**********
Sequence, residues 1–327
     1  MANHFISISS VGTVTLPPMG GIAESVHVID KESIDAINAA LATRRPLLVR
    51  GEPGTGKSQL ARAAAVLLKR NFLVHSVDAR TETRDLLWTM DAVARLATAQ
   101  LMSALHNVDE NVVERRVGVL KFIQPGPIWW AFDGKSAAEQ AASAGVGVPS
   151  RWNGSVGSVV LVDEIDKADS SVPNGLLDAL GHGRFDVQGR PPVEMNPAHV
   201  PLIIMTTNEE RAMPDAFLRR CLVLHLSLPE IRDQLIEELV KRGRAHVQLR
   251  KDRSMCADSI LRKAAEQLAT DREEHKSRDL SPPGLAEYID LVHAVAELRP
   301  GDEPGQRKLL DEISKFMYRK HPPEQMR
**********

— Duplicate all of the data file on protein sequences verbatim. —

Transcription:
Sequence, residues 1–327
     1  MANHFISISS VGTVTLPPMG GIAESVHVID KESIDAINAA LATRRPLLVR
    51  GEPGTGKSQL ARAAAVLLKR NFLVHSVDAR TETRDLLWTM DAVARLATAQ
   101  LMSALHNVDE NVVERRVGVL KFIQPGPIWW AFDGKSAAEQ AASAGVGVPS
   151  RWNGSVGSVV LVDEIDKADS SVPNGLLDAL GHGRFDVQGR PPVEMNPAHV
   201  PLIIMTTNEE RAMPDAFLRR CLVLHLSLPE IRDQLIEELV KRGRAHVQLR
   251  KDRSMCADSI LRKAAEQLAT DREEHKSRDL SPPGLAEYID LVHAVAELRP
   301  GDEPGQRKLL DEISKFMYRK HPPEQMR